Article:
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Indian E-pharma Obstructed With Muddled Regulatory Norms
India’s pharmaceuticals industry is expected to account for about 3.1-3.6 per cent of the global pharma industry by value, and currently accounts for 10 percent by volume
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Online pharmacies emerging in India have met with major concerns regarding the misuse of technology, safety concerns on electronic prescriptions and opposition from offline chemists faced by the industry. The Indian Internet Pharmacy Association (IIPA), is leading the Indian e-pharma players to bring to notice and resolve the roadblocks raised by the regulatory bodies. While the IIPA members strive hard to follow regulations and operate legally, it has taken up as its mission to clarify that it is not the non-adherence of regulations, but the lack of a proper regulatory framework that has become a stumbling block e-pharma startups.
The pharmaceutical business falls under the Drug and Cosmetics Act, 1940. The IPA members have requested the sub-committee created by the 48th Drug Consultative Committee formed in July last year, by Drugs Controller General of India (DCGI), to formulate guidelines on the use of technology in pharma. The committee was expected to submit the report within three months (by October last year), but has not come up with even the draft report yet.
The Maharashtra Food and Drug Administration (FDA) filed an FIR against Mchemist Global Pvt Ltd and has also asked to maintain a strict vigil on all activities conducted by the epharma companies. There are regular probes and raids at office spaces, where employees are frisked and threatened. Mumbai-based Pharmeasy, Delhi-based M-chemist and Mera Medicare in Gujarat had recently faced police investigations and FIRs.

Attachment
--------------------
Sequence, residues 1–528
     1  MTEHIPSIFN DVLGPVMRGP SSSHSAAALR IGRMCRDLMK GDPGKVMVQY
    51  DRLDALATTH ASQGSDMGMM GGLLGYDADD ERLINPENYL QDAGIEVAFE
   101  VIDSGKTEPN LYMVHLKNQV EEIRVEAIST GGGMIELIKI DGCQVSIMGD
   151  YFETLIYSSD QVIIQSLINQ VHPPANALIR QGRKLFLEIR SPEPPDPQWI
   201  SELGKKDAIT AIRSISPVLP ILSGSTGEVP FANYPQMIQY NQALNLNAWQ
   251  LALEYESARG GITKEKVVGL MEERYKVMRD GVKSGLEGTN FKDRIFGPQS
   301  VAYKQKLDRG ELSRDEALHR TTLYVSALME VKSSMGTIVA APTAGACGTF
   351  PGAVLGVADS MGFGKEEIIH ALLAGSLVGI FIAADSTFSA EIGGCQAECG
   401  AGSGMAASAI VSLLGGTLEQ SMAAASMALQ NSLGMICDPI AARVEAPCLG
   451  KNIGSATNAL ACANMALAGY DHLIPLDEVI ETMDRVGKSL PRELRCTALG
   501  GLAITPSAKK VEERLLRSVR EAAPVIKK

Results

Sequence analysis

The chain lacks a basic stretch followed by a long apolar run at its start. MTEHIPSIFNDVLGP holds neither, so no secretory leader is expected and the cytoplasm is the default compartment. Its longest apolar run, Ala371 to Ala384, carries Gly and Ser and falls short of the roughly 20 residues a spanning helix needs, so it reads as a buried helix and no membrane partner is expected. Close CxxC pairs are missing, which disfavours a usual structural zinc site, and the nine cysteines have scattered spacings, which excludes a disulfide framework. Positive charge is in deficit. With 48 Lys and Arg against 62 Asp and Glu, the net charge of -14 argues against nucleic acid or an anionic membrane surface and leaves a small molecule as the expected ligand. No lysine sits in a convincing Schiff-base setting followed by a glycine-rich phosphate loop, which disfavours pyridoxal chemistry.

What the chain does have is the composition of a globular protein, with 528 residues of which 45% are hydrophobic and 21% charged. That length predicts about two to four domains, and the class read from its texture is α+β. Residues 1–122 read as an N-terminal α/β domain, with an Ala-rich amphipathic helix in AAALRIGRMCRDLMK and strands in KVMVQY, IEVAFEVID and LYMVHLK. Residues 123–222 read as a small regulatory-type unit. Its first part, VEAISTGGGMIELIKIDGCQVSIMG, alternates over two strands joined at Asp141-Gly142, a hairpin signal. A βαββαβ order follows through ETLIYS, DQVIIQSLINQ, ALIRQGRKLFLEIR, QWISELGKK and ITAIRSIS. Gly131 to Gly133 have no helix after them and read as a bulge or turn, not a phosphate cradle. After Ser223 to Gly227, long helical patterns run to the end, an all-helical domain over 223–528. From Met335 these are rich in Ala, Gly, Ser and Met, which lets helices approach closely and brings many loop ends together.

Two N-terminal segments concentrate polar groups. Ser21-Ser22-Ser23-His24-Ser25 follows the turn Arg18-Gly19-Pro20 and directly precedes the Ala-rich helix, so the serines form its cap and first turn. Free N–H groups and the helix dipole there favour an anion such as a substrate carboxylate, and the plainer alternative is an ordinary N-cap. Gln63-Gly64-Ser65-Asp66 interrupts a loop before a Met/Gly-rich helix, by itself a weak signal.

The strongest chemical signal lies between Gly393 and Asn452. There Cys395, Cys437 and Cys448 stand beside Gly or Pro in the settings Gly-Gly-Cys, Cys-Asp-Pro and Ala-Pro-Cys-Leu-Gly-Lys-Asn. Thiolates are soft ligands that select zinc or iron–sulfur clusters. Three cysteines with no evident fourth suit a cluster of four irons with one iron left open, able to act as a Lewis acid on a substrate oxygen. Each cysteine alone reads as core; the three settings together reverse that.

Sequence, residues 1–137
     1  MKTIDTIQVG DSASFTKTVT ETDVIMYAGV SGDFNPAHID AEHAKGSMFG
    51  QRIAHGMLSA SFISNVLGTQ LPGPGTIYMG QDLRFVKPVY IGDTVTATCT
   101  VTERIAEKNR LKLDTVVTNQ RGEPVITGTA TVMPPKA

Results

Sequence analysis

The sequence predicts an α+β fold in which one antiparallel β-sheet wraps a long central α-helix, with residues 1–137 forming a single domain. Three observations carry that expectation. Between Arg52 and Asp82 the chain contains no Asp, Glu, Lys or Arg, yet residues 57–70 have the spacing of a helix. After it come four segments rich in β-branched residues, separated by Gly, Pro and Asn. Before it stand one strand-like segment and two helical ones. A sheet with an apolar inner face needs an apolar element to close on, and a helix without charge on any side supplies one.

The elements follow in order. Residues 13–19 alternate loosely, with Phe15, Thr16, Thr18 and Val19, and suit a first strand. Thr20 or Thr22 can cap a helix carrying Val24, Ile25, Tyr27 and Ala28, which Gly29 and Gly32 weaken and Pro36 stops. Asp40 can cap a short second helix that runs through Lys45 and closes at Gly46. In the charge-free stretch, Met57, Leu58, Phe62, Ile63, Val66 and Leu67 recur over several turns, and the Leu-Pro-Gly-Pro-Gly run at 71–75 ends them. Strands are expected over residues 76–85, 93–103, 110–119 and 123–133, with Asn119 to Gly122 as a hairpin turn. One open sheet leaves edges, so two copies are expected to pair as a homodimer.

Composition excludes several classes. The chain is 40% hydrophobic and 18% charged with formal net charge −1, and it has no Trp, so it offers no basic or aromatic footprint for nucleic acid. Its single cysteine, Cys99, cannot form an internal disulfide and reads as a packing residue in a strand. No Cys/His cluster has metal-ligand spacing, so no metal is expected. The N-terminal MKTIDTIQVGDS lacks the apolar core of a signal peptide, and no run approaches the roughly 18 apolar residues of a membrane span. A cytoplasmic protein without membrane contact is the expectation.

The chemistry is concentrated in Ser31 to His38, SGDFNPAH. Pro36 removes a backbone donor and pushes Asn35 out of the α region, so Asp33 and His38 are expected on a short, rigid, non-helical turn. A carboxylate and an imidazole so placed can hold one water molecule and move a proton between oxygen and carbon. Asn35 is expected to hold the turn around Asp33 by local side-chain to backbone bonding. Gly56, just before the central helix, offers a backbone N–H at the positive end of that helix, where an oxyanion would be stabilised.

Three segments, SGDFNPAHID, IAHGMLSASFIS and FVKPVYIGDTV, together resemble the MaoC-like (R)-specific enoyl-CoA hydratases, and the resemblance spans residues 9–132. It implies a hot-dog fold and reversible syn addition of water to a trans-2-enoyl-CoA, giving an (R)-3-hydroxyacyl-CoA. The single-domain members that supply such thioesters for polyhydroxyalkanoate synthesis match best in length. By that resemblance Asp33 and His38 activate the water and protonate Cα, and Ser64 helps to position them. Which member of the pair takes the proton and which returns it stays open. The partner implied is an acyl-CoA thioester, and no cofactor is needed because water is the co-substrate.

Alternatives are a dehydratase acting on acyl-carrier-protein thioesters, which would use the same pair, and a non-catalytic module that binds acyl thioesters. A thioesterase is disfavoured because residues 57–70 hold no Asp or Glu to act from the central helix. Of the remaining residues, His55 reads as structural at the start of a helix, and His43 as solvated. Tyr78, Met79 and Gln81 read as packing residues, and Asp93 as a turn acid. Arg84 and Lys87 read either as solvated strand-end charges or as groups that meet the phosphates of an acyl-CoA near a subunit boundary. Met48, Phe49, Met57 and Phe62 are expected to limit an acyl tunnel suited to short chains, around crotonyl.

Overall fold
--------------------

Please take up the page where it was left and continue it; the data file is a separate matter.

The industry has been losing about 50-60 per cent business because of being stringent with prescriptions and renewing requests. India’s pharmaceuticals industry is expected to account for about 3.1-3.6 per cent of the global pharma industry by value, and currently accounts for 10 percent by volume. (Source: Make in India Statistics) The $18-billion pharma retail market is set to grow to $55 billion by 2020 and is fast coming under the spotlight due to its growth potential in the coming years. Online e-pharma startups in India have already raised $92.6 million in funding so far.
Currently, India has about 45-50 e-pharma startups, major players being 1mg.com, Bookmeds, mChemist, Medidart, Medlife, Medstar, Netmeds, Pharmeasy, Zigy.com (PM Health & Life Care), SaveOnMedicals and Savemymeds.
Following are the gaps that the E-pharma companies fill:
1. E-pharmas can bring the pharma industry data on systems bringing the entire supply chain online
2. E-pharma tackles the issues of fake medicines, since the entire supply chain is well-documented and trackable.
3. The e-pharmacies have made it mandatory to submit a scanned copy of the prescription, which has been crossed-checked with a local doctor in case found suspicious.
4. For chronic diseases, patients are requested to produce a new prescription in case of the expiry of an old one
5. E-pharma can assist in monitoring the effects of medical drugs after they have been licensed for use, especially in order to identify and evaluate previously unreported adverse reactions
6. Doorstep delivery of medicines will make life easy for patients who will not have to rely on others to get their medicines
E-pharmacies are in line with Prime Minister Modi’s vision with Digital India and Startup India campaigns. All these companies, mostly started last year, are at the nascent stage and need support from government. The IPA committee claims to have made all efforts to bring up the issue, and has suggested best practices from around the world to help draw out a framework.